One night about two decades ago, she and her husband, Bruce Mann, who also teaches at Harvard Law, were attending a game between the 76ers and Warren’s beloved Houston Rockets. (Warren taught at the University of Houston when Hakeem Olajuwon played for a Cougars team memorably dubbed “Phi Slama Jama” for its dunking prowess.) “So Elizabeth is up, cheering, yelling at the ref,” Mann recalls. “And the crowd around is getting kind of, well, restive. They’re saying, ‘Hey, lady, you’re not from around here, are you?’ ” Finally, one of the burlier gentlemen in Warren’s section inquired why she was so passionate about the Rockets. Warren explained her background in Houston. He then determined to quiz her on her bona fides.
Who was the coach of that team, he asked her.
Guy V. Lewis, she answered.
What was his trademark, he asked her.
He carried around a checkered towel, she answered.
(Warren was being kind here. Lewis’s most conspicuous trademark was his staggering incompetence in big games.)
Satisfied, the man sat down and Warren went back to being loud. Gradually, the crowd began to get audibly impatient with her again. Suddenly, the large gentleman stood up and addressed his colleagues.
“Leave the lady alone,” he told them. “She’s got history.”
You can understand that moment when Warren, 60, talks about the political heat inherent in the position she now holds. The great cause of her life has been defending middle-class Americans against what she calls the “tricks and traps” the nation’s financial institutions devise to separate those citizens from their money. She was talking about the dangers of the subprime mortgage binge long before the bubble finally popped. She is equally scornful of how the credit card companies bury their real brigandage under a blizzard of sub-paragraphs and dependent clauses. And ever since last November, when Senate majority leader Harry Reid persuaded her to take charge of the Congressional Oversight Panel, and even though she is aware that the panel does not have any real enforcement powers, Warren has become a burr under the saddle of official Washington -- plain-spoken, invariably polite, intolerant of business-school persiflage (“That’s a word we don’t use enough!” she exclaims), and utterly contemptuous of conventional wisdom. These are not qualities that endear you to the courtier set inside the Beltway. Warren got in the face of then Treasury secretary Henry Paulson and stayed there to the point where Paulson’s staff began sniping at her in the newspapers. She gently -- but relentlessly -- prodded Paulson’s successor, Timothy Geithner, until Geithner dragged himself before the panel to testify.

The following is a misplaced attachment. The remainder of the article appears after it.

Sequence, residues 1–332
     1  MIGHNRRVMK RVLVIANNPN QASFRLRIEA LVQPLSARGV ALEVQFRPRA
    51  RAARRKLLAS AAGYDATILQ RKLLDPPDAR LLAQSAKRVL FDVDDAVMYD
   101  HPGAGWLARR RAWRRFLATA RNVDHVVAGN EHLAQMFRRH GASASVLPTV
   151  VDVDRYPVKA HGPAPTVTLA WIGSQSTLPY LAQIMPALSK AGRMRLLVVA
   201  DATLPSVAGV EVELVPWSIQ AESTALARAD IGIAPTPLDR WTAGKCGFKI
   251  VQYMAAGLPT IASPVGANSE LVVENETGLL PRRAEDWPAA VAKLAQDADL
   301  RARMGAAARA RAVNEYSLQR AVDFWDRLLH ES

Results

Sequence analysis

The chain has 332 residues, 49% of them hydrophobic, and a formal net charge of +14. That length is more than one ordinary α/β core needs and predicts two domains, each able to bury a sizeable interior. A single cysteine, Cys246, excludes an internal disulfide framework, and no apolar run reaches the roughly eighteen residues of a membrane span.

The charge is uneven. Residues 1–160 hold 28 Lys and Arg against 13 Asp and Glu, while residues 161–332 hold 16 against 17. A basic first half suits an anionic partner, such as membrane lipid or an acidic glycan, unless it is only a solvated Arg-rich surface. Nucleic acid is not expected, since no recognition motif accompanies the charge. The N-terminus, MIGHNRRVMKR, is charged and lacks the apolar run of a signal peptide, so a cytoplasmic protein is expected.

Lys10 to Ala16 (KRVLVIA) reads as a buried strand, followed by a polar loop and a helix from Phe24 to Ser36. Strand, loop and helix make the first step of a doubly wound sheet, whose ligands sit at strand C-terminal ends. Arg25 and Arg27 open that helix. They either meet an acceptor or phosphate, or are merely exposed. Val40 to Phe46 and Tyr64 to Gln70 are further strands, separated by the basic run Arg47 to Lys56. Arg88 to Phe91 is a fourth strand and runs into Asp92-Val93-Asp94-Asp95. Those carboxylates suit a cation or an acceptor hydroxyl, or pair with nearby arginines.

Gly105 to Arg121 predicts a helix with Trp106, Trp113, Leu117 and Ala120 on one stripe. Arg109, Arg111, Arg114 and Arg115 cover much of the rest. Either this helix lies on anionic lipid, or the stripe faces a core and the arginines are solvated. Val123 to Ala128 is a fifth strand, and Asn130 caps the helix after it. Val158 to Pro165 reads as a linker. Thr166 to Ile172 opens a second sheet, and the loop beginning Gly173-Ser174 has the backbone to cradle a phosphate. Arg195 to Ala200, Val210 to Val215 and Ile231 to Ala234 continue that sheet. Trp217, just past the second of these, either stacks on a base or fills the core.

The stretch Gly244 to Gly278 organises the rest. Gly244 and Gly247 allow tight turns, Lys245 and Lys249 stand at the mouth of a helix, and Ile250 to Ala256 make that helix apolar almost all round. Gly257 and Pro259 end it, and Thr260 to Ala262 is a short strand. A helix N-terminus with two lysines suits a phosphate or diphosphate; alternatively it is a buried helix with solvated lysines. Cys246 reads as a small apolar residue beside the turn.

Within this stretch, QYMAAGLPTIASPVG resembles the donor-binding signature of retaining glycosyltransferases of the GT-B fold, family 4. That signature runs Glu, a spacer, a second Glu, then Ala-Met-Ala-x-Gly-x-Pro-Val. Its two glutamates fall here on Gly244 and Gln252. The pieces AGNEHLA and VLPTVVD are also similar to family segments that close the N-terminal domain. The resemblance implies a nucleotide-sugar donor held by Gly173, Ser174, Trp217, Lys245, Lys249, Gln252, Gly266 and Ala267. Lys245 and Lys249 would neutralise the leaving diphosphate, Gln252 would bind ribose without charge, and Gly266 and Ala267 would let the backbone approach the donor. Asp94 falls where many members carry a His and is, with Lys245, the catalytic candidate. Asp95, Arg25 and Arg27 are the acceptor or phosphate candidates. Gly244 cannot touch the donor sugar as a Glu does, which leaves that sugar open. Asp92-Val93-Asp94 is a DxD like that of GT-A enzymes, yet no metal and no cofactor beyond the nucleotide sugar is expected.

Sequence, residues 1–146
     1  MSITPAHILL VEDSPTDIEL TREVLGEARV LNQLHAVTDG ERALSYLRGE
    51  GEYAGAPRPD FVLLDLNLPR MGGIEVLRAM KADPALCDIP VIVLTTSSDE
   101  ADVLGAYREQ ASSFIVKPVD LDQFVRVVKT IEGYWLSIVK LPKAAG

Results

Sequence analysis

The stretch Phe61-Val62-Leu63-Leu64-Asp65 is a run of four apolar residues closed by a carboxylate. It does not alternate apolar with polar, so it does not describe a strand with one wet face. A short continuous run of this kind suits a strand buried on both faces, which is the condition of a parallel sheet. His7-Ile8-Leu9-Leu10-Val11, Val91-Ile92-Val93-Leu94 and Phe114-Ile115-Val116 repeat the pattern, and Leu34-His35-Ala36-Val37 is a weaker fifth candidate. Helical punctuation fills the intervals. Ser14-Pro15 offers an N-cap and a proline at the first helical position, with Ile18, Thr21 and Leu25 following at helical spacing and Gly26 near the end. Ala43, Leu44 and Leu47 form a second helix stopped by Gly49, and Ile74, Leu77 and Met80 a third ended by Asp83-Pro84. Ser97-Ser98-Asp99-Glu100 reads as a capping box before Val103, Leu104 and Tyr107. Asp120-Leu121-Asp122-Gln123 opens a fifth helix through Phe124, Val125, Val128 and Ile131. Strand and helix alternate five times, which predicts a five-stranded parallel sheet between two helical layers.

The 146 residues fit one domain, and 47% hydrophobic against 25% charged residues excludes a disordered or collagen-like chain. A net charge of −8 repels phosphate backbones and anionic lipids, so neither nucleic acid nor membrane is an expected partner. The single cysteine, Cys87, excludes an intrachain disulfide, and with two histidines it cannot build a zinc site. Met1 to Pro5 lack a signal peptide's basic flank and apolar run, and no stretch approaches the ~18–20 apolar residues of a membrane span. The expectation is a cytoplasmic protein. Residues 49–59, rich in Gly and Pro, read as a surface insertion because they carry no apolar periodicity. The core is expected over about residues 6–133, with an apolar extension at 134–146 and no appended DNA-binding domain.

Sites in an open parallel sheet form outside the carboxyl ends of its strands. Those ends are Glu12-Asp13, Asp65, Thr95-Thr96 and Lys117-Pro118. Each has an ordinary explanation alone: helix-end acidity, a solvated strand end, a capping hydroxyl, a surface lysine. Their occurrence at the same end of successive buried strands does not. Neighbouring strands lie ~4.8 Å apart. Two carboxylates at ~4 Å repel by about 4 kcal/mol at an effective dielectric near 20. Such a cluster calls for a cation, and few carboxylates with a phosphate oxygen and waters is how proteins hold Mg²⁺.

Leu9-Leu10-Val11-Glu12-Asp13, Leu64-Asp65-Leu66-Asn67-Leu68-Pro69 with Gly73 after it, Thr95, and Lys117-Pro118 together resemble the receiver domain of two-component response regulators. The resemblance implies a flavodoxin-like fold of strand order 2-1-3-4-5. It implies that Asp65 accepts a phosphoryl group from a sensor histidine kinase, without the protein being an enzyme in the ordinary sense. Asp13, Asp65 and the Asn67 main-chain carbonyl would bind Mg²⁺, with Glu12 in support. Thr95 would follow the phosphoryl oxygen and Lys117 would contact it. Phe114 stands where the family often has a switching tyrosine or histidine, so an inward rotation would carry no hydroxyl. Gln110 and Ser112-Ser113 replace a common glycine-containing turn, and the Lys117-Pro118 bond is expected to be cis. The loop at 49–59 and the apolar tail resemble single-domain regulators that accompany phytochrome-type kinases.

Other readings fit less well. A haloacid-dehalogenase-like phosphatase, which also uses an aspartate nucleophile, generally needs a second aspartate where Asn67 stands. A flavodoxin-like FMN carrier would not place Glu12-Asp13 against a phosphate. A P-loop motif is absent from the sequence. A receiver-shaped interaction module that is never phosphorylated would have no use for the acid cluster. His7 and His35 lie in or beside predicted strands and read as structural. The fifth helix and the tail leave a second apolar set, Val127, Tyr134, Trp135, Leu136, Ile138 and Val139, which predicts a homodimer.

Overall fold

“We are an experiment here,” she says. “The secretary of the Treasury raced in and said the economy’s on fire. Congress was in the position of having to react rapidly and without much specificity. At the same time, they didn’t want to write a blank check to Treasury, so they hooked oversight to it. The secretary of the Treasury has enormous discretion, but there will be a group appointed to keep evaluating what Treasury is doing, and that group will be required to put out a report every 30 days. We’re supposed to keep planting flags in the ground. You have to prove what you said. I don’t want happy-face conclusions. I want the truth.”
They also are not qualities guaranteed to make you friends among the Masters of the Universe in the financial services industry or among the legislators whom they may have sublet. Her advocacy of a financial product safety commission, a federal watchdog agency to regulate predatory lending, drew howls from small-government conservatives. “That agency is the game-changer,” she argues. “This is the chance to level the playing field between middle-class families and huge financial institutions by making those products work again, by making them as simple as toasters.”
In short, she has been accused of exceeding her mandate, mostly by people who would rather she not have a mandate at all. She has been called an ideologue -- mostly, it should be said, by other ideologues. Warren, simply, could not care less. “They were tired of me before I started,” Warren says with a laugh. “I am not looking for jobs with these guys. My job is not to get out there and kowtow to these guys so they’ll be nice to me. I figure this is the one time I will have a true public-service job. I’m going to do everything I can to execute this job the way it ought to be done. If there’s some politician, Republican or Democrat, who has a problem with that, I just don’t care.
“I have no future in this, and I have lifetime tenure [at the Harvard Law School]. What are you going to do to me?”
Perhaps the most dissonant criticism leveled against Warren is that she simply is another Harvard elitist come down from the mount to lecture the rest of us on the way the country should be run. On the wall of her office, framed, is a Pennsylvania newspaper advertisement from August 23, 1882, announcing that Sheriff Joseph Frankenfield would be auctioning off a farm that day, a property owned by folks on whom the bank had foreclosed a mortgage. Gradually, almost imperceptibly, a gentle twang enters Warren’s voice when she talks about this ad. “If you don’t talk about families,” she says, “then it’s easy to disembody subprime mortgages and asset securitization and unemployment rates without remembering that every one of those numbers is a million families.” This is what the guy meant in the basketball arena some 20 years back. The lady has history.
In Norman, Oklahoma, it was the last house on the last road on the far edge of town. Behind it were wheat fields that extended to Texas, or to the Pacific, or to Oz, as best as you could tell from standing in the yard. Elizabeth Warren grew up there, a caboose of a child with three much older brothers. “One was huge and the other two were mean,” she recalls. “I was 30 before I realized, you know, that I probably was an accident. These things just suddenly hit you one day.” Eventually, her father wound up as a maintenance man in an apartment building and her mother did catalog sales for Sears.